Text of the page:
FOR IMMEDIATE RELEASE
September 6, 2011
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Virginia Historical Society Honors Twelve with Special Awards
Winners from Across the State Include Students, Educators, Authors, Volunteers, and Philanthropists
Richmond, VA—At a special luncheon in July, the Virginia Historical Society (VHS) presented awards to individuals who have made significant contributions to research, education, and the mission of the Society. A total of ten VHS awards were presented to a teacher, a businessman, an author, students, volunteers, and staff.
"It is in history that many of us find comfort, that we find meaning," Dr. Paul Levengood, VHS president and CEO, said to award winners and their guests, trustees, and staff present at the event. “We are here as a refuge and as a place to learn and put our lives in context. What else but history, and perhaps faith, allows us to do that? With these awards handed out today you will see those who have excelled in the fields of scholarship, service, and support of the Virginia Historical Society.”
Callie Marie Angle, a student at Mathematics and Science High School at Clover Hill in Chesterfield County, was awarded the 2010 Bobby Chandler Student Award. The Bobby Chandler Student Award, made possible by the Kip Kephart Foundation, is given to a secondary school history student who demonstrates intelligence, creativity, and research skills using primary source materials. Angle was recognized for her work on an applied history class project, “Between the Living and the Dead: A Study of the Inequity of Tuberculosis Treatment Between the Races in Virginia, 1900–1960.” Angle’s project included a comparison of the treatment of tuberculosis patients at Catawba Sanatorium in Roanoke and Piedmont Sanatorium in Burkeville. Angle is the sixteenth recipient since this award was created in 1996. Five out of the last six Bobby Chandler Student Award winners have attended Clover Hill High School.
The Honorable Nicholas F. Taubman, former chairman of Roanoke-based Advanced Auto Parts, Inc., and most recently United States Ambassador to Romania from 2005 to 2008, was awarded the Lora Robins Award. The Lora Robins Award, created in 2000, recognizes an individual who best emulates Lora Robins’s splendid leadership, generosity, and foresight in collecting the evidence of Virginia’s history for the benefit of future generations. Levengood, who presented the award, said “Nick is a dedicated history enthusiast. His leadership in collecting and his great devotion to preserving history made him an excellent choice for this award. But it is not only as a collector that he has mirrored Lora Robins. Nick has supported the preservation and interpretation of Virginia history by recognizing the need for financial support to enable institutions, like the VHS, to acquire artifacts for study, collections, and exhibitions.”
The VHS established the C. Coleman McGehee Award in 1995 to recognize the best article in the Virginia Magazine of History and Biography written by a graduate student. The prize was created in memory of C. Coleman McGehee, who served as president of the Society from 1992 to 1994, and after retiring as a banker, went back to school as a history graduate student. The 2010 McGehee award was conferred to David W. Houpt for his article entitled “Securing a Legacy: The Publication of James Madison’s Notes from the Constitutional Convention.” The article about Dolley Madison’s determined efforts to find a publisher for her husband’s notes appeared in volume 118, number 1 of the Virginia Magazine. The prize committee recognized Houpt’s piece as “well researched, written, and crafted” and overall “an impressive work.” Houpt is a doctoral student in history at the Graduate Center of the City University of New York.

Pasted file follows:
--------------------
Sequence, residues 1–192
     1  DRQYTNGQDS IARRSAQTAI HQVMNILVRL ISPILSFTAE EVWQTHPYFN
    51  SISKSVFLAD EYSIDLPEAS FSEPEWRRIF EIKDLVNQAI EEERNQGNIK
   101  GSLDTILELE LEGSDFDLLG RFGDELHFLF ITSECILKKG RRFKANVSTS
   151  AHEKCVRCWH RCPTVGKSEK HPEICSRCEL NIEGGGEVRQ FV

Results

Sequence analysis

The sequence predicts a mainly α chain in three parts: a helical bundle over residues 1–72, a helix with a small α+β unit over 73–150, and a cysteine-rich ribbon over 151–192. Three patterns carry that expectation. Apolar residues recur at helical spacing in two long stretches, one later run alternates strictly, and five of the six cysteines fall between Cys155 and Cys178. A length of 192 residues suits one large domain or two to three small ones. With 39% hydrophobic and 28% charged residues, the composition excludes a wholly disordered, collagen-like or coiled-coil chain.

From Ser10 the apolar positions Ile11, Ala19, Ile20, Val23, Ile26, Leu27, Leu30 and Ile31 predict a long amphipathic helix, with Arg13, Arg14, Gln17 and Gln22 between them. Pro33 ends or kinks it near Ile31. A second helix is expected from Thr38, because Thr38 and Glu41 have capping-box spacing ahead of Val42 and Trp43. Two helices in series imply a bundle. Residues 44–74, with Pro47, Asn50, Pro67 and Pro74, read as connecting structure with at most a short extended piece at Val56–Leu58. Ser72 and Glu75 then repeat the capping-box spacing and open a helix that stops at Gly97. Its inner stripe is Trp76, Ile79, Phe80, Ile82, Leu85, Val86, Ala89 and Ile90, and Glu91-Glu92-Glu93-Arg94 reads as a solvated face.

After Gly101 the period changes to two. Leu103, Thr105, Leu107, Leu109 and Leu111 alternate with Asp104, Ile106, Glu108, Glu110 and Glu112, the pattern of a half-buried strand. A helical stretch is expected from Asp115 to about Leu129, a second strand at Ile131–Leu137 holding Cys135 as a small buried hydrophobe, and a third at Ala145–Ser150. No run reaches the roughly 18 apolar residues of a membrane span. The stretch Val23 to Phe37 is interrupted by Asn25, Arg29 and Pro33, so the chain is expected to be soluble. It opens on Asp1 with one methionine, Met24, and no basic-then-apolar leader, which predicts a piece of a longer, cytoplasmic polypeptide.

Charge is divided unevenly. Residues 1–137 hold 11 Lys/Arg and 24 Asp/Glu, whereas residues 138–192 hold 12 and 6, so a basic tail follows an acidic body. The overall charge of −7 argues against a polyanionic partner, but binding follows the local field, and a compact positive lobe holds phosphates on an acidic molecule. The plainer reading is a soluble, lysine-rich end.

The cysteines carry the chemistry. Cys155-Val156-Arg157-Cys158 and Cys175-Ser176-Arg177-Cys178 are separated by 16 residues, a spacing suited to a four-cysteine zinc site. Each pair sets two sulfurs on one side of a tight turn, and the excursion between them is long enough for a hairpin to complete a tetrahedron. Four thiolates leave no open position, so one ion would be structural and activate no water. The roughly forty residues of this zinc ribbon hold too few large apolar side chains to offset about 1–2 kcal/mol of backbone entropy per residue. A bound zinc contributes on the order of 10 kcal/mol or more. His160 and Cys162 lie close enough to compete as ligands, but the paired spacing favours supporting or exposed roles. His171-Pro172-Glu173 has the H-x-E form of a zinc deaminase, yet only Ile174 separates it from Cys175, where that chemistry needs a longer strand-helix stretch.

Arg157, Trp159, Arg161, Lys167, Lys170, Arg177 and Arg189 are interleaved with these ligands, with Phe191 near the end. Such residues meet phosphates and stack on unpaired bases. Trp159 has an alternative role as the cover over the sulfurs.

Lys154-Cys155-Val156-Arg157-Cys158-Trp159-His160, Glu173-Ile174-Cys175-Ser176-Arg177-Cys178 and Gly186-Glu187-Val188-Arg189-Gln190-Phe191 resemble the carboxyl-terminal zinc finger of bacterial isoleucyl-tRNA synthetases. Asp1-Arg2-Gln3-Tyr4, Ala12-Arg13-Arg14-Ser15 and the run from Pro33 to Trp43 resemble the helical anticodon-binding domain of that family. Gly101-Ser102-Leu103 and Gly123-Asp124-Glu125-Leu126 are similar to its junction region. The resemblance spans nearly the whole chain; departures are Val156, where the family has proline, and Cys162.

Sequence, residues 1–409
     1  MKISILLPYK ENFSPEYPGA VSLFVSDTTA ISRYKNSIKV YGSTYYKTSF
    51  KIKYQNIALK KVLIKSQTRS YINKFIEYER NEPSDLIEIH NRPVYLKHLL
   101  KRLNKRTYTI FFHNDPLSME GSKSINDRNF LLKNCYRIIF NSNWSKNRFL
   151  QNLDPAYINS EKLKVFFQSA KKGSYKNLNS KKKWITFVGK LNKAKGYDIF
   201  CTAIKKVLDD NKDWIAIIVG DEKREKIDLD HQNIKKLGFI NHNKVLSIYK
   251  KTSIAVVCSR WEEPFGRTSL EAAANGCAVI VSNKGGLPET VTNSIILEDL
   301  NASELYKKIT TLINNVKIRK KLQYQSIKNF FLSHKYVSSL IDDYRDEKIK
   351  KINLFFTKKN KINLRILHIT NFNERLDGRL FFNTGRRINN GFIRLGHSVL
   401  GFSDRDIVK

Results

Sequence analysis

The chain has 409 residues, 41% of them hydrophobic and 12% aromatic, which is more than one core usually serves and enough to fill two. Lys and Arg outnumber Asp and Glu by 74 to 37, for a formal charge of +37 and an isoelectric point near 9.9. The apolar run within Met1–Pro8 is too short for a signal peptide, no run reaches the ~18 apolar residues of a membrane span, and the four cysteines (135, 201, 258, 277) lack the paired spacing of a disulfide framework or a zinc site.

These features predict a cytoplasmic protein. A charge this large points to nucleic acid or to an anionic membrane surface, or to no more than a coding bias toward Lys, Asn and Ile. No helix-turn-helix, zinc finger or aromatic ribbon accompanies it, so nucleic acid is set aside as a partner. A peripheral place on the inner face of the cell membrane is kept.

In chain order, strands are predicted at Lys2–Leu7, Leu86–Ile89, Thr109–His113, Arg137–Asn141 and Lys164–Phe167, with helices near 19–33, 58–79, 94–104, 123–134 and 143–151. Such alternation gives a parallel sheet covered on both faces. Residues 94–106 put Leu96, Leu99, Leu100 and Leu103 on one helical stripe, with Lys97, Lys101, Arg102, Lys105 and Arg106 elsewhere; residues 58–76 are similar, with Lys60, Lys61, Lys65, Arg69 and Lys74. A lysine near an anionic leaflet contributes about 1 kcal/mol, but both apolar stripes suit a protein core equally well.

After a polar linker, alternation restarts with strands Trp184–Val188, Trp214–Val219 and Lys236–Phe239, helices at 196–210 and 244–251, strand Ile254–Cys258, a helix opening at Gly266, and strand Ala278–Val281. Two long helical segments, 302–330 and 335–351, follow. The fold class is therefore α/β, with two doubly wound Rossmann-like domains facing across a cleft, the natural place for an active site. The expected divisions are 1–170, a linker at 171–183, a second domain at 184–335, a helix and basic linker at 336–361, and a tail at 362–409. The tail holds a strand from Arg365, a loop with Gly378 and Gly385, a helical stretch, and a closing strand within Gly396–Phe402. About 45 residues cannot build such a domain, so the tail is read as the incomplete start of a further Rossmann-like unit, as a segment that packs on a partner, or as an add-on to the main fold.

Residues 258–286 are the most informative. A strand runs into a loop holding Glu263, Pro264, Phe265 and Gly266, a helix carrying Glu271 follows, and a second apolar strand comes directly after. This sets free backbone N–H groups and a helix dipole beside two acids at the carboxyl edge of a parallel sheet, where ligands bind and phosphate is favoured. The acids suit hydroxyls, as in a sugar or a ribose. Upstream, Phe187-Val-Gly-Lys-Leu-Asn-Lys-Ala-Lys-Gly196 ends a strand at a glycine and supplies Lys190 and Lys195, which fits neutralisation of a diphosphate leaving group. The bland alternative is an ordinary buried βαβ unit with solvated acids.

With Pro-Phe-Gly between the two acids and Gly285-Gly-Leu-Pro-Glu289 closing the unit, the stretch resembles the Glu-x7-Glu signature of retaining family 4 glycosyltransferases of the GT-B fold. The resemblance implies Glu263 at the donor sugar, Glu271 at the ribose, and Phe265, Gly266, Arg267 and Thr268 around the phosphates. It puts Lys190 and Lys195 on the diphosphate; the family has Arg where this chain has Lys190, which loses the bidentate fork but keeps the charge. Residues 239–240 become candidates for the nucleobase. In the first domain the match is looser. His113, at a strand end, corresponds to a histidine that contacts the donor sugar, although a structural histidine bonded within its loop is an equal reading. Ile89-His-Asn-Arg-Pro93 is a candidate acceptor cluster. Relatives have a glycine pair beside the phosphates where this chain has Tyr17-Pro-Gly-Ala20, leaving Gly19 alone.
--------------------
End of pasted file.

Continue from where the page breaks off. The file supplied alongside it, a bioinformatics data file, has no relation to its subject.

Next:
Margaret R. DeHart, a teacher at Belview Elementary School in Montgomery County, was awarded the Brenton S. Halsey Teaching Excellence Award. For fifteen years, the VHS has awarded the Brenton S. Halsey Teaching Excellence Award to a Virginia educator who displays scholarship, enthusiasm, and creativity in the classroom. For 2010, the award—which is named in honor of former chairman and long-time friend of the Society Brenton Halsey—was presented to DeHart for her work integrating Virginia history standards into her art instruction. DeHart developed art lessons on a number of history topics, including the Civil War, the Underground Railroad, Industrial Revolution, and the Civil Rights Movement, in which she has students analyze and interpret photographs, paintings, and illustrations.
Katherine Morse, a sixth grade student at Paul Laurence Dunbar Middle School in Lynchburg, was awarded the 2010 Anne R. Worrell Middle School Student Award. The Anne Worrell Award is given to a middle school student who exemplifies distinction in historical research and scholarship. Applicants must submit a paper or classroom project that is creative, uses primary source materials, and demonstrates an understanding of some facet of American history. The award is named in honor of Charlottesville resident Anne Worrell, a former member of the board of trustees, current honorary vice chairman, and long-time VHS supporter. Morse’s assignment was to turn Standards of Learning (SOL) facts into lyrics for a popular song. Morse wrote a song about geographical regions in Virginia and two songs about the Revolutionary War—one sung to the tune of “Up on the Rooftops” and the other to “I Want a Hippopotamus for Christmas.” This is the second year that the VHS has given the Anne R. Worrell Middle School Student Award.